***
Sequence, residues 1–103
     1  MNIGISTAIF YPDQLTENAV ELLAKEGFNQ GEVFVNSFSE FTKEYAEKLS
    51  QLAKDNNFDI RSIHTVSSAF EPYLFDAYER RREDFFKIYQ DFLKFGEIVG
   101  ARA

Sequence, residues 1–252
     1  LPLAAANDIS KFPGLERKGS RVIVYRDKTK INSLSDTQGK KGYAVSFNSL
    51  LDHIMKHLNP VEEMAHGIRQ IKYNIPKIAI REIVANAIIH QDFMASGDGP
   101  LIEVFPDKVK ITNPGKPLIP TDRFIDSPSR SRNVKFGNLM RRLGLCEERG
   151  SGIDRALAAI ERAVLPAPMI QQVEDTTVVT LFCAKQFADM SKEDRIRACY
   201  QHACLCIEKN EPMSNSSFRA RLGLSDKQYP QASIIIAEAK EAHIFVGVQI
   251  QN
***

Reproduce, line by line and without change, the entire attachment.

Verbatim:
Sequence, residues 1–103
     1  MNIGISTAIF YPDQLTENAV ELLAKEGFNQ GEVFVNSFSE FTKEYAEKLS
    51  QLAKDNNFDI RSIHTVSSAF EPYLFDAYER RREDFFKIYQ DFLKFGEIVG
   101  ARA

Sequence, residues 1–252
     1  LPLAAANDIS KFPGLERKGS RVIVYRDKTK INSLSDTQGK KGYAVSFNSL
    51  LDHIMKHLNP VEEMAHGIRQ IKYNIPKIAI REIVANAIIH QDFMASGDGP
   101  LIEVFPDKVK ITNPGKPLIP TDRFIDSPSR SRNVKFGNLM RRLGLCEERG
   151  SGIDRALAAI ERAVLPAPMI QQVEDTTVVT LFCAKQFADM SKEDRIRACY
   201  QHACLCIEKN EPMSNSSFRA RLGLSDKQYP QASIIIAEAK EAHIFVGVQI
   251  QN